Georgetown University’s Newspaper of Record since 1920

The Hoya

Georgetown University’s Newspaper of Record since 1920

The Hoya

Georgetown University’s Newspaper of Record since 1920

The Hoya

URTZ: Stopping Traffic in Amman


On a typical morning in Amman, Jordan, the 4.5-mile commute from my apartment in the western part of the city to my school can take anywhere from 30 to 45 minutes, often involving several cancelled Ubers, some haggling over taxi prices and the occasional lie to a police officer — “No, sir, this is not an Uber!”

I can pay close to $5 a day for the route that Google Maps estimates should take 17 minutes in “normal” traffic conditions. However, traffic conditions here are anything but normal. Amman’s streets are plagued by myriad problems: The murky legal status of ride-sharing apps, cumbersome taxi encounters and a dearth of efficient, inexpensive public transportation options contribute to the mounting frustration plaguing Amman — impenetrable traffic.

This flawed system requires comprehensive and collective action on the part of the Jordanian government, daily commuters, and private companies and investors who have vowed to make a difference. Here, the streets are the great equalizer. Regardless of where you come from, everyone suffers, and all must work to address Amman’s urban mobility crisis.

With few large-scale public transportation options, most Jordanians own their own cars; nearly 1.5 million cars are registered in Amman. Some resort to taxis and ride-sharing apps like Uber when necessary, while others use the 350 large buses designated for the city of more than 4 million people. These rides account for fewer than 5 percent of journeys in Amman each day, according to a transportation consultant.

Uber, which is unlicensed in Jordan, creates plenty of problems, causing frenzied drivers to concoct a plausible story to deny that they’re paid to drive me. If caught working for Uber, drivers are fined heavily. My first Uber ride in the country from the airport ended with my driver receiving a 100JD — US$140 — ticket and me getting a curt “Ahlan wa sahlan” from the police officer: Welcome to Jordan.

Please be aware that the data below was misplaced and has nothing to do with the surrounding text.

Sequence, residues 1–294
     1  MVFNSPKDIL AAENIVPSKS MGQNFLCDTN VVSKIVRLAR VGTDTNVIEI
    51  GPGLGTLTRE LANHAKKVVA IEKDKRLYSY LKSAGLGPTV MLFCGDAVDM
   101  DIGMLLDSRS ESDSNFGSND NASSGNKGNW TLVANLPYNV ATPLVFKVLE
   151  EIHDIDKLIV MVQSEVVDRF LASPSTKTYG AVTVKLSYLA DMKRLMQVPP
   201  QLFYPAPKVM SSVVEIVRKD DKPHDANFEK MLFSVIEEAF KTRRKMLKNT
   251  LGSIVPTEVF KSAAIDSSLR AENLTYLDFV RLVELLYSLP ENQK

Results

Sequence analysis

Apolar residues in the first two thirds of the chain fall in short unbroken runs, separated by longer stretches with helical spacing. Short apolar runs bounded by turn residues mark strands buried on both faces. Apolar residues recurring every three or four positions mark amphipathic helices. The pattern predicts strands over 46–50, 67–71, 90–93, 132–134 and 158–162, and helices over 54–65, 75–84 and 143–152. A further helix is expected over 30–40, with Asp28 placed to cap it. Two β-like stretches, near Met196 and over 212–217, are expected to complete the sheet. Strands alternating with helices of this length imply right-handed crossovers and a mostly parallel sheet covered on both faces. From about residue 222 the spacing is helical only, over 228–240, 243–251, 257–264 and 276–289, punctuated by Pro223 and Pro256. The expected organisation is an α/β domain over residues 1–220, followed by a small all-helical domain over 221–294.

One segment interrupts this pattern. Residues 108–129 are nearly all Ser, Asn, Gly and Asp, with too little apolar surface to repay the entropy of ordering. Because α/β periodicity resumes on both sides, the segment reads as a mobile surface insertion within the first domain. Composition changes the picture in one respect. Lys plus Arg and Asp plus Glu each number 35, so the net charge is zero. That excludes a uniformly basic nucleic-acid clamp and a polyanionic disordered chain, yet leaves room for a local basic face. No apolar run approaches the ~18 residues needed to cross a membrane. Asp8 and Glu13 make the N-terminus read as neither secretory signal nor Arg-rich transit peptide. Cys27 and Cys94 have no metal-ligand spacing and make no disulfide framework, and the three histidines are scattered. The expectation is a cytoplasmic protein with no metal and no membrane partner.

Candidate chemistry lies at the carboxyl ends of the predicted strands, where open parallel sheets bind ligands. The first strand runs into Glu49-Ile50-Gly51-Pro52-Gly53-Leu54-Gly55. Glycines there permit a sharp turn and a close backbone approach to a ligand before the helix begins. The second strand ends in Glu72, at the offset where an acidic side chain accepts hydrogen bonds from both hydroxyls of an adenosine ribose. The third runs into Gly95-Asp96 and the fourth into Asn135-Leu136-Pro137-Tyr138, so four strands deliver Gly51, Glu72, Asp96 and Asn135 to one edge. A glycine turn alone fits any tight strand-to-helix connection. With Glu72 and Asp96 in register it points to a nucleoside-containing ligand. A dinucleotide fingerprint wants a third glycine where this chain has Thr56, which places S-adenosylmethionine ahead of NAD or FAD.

Taxis, while legal, come with risk of a “broken meter,” a tactic often used by drivers who prefer to negotiate prices with their passenger. Cabs are cash only and require precise directions to the destination. All in all, they can be cumbersome and unreliable.

Smaller “coaster buses,” which operate along a fixed route throughout the city, may be a cheaper option but cost more time. Holding space for 20 to 25 passengers, these buses don’t depart until they are completely full, which can take over an hour during certain parts of the day.

Regardless of the transportation method, the inevitable soul-crushing, maddening traffic remains. In what is designed as a two-lane street, I’ve counted up to 13 distinct lanes of cars attempting to merge into seven new lanes of their own creation.

The sheer volume of people and the speed at which they migrated to Amman is a significant factor in the city’s traffic nightmare. The population of Jordan has grown by over 87 percent within the past decade, while Amman’s population has more than doubled.

Infrastructure simply hasn’t been able to keep up, and some believe the country may have already lost its opportunity to implement another viable option like a subway or above-ground tram: New construction undertakings would only exacerbate the existing traffic problem.

Still, a Rapid Bus Expansion project, which would involve operating modern buses that could carry approximately 120 passengers on their own designated lanes along Amman’s busiest streets, is expected to launch later in 2018. This project, if it moves forward, would be a great step in the right direction.

These issues are felt profoundly by members of society at each level. A 2014 government study on youth unemployment, currently at about 39 percent in Jordan, found that about 55 percent of respondents cited transportation barriers as a primary reason for failing to keep or find a job. 

Not only are ride-sharing apps convenient and affordable when they work without police interference, but they also have the potential to address the high unemployment rate in Jordan. Careem, a ride-sharing app for the Arab world, planned to create 10,000 jobs in the country by 2018.

Even Syrian and Iraqi refugees cite the traffic and cost of transportation as a major deterrent to accessing many of the resources the Jordanian government has made available to them, including NGOs, community centers and support groups.

In the end, everyone loses. Valuable time, money and energy are being wasted in 13 lanes of cars crowded around a single roundabout.

Ride-sharing apps should be allowed to operate unambiguously in Amman, road conditions must be improved and legitimate, and accessible public transportation projects need to be undertaken if the capital is to continue to grow as a hub of prosperity and stability in the Middle East.

Hannah Urtz is a junior in the School of Foreign Service. Amman It appears online every other Thursday.

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    DerekOct 1, 2018 at 6:03 am

    OK ,that was stupid